Myths about our Staffies

They have “locking jaws”: This is probably my favorite myth about them, the one I get the most laughter out of.  I want to meet the person responsible for stating this and personally ask them how much time they spent on Dr. Moreau’s island. I mean really, how many staffies have you seen that were cross bred with reptiles?? Of course this ridiculous myth is FALSE.

  No canine has the capability to unhinge their jaw and set it to a “locking” position, but every breed of dog does have the capability to hold on to their prey or challenger.  Police dogs do this regularly on the job; as many have witnessed, they will hold on to the suspect regardless of the threat they may be under. This is what we, in the dog field, call persistence; which all dogs have or can be taught.  How many people with Jack Russell Terriers and small breeds lift them clear off the ground during a game of tug of war? Does this mean they too are from Dr. Moreau’s island??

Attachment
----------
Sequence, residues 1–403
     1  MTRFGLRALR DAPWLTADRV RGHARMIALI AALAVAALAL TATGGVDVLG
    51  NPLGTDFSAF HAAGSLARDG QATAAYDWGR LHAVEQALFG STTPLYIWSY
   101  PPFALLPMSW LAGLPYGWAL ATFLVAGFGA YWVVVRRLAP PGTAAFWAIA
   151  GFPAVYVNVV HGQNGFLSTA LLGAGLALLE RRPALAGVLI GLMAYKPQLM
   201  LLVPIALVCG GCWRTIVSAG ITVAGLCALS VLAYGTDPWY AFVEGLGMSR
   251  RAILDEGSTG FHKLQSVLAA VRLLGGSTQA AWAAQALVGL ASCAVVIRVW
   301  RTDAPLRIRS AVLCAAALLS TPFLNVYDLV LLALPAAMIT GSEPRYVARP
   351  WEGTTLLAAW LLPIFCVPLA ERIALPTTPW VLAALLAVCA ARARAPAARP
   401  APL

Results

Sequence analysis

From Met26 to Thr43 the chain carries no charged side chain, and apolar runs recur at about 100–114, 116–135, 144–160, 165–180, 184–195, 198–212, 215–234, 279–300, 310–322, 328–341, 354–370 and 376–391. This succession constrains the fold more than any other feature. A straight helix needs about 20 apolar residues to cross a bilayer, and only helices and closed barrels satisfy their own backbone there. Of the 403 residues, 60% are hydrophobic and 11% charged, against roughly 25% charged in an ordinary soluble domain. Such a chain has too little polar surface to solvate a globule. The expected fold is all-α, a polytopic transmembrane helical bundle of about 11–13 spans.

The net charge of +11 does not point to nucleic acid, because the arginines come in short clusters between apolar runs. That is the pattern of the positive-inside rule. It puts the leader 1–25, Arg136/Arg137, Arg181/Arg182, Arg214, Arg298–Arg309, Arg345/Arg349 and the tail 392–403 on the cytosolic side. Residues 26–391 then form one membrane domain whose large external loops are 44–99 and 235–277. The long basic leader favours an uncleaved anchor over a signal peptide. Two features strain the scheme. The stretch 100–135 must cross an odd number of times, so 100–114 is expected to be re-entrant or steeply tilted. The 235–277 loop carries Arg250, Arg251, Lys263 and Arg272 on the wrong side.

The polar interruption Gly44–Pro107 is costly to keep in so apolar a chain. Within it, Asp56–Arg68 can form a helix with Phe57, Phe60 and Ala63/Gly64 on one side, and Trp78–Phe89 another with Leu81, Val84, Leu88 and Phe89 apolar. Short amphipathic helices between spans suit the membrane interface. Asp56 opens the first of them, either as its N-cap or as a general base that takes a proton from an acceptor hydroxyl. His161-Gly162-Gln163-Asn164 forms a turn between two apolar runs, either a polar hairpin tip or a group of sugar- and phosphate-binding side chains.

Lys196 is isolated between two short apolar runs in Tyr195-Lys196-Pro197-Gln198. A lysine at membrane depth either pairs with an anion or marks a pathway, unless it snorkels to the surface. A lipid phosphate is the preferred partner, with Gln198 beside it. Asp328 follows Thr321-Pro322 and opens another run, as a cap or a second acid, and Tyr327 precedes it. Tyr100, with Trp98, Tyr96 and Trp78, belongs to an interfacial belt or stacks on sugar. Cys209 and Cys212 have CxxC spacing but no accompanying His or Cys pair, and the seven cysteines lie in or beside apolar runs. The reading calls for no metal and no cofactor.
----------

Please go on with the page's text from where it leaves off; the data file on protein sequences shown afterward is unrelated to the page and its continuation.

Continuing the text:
All will eventually turn on their owners. Although many of the abused, neglected and fighting dogs in my opinion, would be well justified in doing so, again this is FALSE. Since 1900 they have been bred to be farm dogs, military mascots, and family companions. Even the unfortunate dogs that were bred to be dog-fighters had to be exceptional with their humans or they were put down. Human aggression is not allowed, even in the cold-hearted dog fighting community.